People write in to ASK MIDLIFE BACHELOR with questions.  An index of all Q&As is located on the ASK MIDLIFE BACHELOR INDEX page. Email your question in complete confidence to [email protected].


I’m 30, and I’m in love with a wonderful 40 year old who cannot imagine daily life with me.

He divorced five years ago from a 15-year marriage. He immediately started a new relationship, and moved with her for three years, but then decided she was not the woman for the rest of his ended it. I met him online at that time.

We began a wonderful, sexy, respectful affair that kept going on for a year. We both knew that our differences (age, culture, finance and social issues) didn’t make us ideal for each other but we kept going because it felt right, and we had a


great time together. He had left his girlfriend, and I moved houses after a very stressful period of my life. So we were a great comfort to each other at the time. I started to feel like we could have a real chance together as a committed couple. But I was never sure that he was interested in that – so I didn’t let myself have too much hope.

Last September, without my knowledge, he joined an online dating site, met a woman, saw her a few times for drinks, and ended up having a holiday romance with her. He chose to not continue things with her because he realized he was not remotely ready for another serious relationship. And so, when he came back (at the end of November) he said he only wanted to be my friend. And we ended it for good. For five days.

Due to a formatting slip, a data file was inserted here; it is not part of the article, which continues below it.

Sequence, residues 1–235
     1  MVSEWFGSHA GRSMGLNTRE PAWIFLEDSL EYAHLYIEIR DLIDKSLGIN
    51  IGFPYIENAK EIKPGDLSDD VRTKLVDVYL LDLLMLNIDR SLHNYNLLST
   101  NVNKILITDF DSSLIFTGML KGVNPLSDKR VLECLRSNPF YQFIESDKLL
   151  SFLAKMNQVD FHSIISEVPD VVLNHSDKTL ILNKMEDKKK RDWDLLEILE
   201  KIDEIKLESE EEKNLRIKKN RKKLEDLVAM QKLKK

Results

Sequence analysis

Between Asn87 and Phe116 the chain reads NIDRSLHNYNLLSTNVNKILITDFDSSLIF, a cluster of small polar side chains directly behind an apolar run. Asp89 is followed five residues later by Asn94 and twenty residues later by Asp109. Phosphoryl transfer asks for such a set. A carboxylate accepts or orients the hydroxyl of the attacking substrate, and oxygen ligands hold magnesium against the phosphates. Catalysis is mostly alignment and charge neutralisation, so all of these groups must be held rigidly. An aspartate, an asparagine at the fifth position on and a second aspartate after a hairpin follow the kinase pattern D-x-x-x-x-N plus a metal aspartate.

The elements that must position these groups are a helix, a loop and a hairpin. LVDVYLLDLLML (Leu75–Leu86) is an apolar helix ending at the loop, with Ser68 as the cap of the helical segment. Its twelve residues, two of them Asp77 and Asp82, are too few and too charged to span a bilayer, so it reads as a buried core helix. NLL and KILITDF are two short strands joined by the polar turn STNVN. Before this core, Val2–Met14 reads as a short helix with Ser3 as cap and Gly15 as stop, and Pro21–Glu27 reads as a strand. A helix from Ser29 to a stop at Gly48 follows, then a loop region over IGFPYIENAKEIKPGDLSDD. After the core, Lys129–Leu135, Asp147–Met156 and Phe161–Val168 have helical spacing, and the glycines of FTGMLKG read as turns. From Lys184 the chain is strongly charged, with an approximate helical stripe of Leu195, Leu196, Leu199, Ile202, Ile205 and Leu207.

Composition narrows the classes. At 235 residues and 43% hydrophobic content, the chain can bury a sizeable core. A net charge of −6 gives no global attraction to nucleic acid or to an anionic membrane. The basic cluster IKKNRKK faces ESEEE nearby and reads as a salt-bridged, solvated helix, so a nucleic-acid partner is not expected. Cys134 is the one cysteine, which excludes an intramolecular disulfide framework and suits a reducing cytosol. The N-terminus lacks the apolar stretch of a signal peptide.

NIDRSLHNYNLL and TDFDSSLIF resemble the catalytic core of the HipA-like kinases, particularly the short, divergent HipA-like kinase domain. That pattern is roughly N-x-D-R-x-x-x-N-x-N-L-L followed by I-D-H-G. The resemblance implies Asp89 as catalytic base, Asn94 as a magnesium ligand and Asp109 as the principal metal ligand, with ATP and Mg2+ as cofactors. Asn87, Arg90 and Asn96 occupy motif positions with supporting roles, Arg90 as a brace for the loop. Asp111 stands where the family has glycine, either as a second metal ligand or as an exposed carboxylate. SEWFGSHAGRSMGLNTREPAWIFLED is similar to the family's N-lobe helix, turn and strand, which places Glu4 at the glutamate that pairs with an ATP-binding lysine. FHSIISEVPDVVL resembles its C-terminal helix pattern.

He came back to me saying that he couldn’t stand the idea of not having me close ever again so he offered me a real relationship. And I thought we were going to try. We spent some time together with both his kids. We talked about the other woman, and then we had great sex again. But we never talked about what we wanted from a relationship. I didn’t want to put pressure on him, and now I see that things didn’t change too much from when we were just lovers.

After one month, we were trying to talk about us. I had completely admitted (to both myself and him) that I loved him with all my heart. He had said he loved me too. He said he could imagine us having a kid. He said that we had a perfect physical-emotional connection. But he said that he couldn’t imagine the daily life with me. He actually said that he had never seen me as his future wife. And that was so hurtful. But, after a few days, I tried to leave the anger in the past and focus on the good things between us.

We tried to keep the friendship. It hasn’t worked so far because it’s too painful for me to hear him talking about the same things that we used to talk, and because he keeps giving explanations of why things didn’t work, and how his life is so complicated, and all the things that are his priority in life that he has to give time to. Can’t he see how much he hurts me by reliving everything again and again? He said that it had nothing to do with me. That it’s him who’s not ready. I said that I didn’t want to see him or hear from him for a while.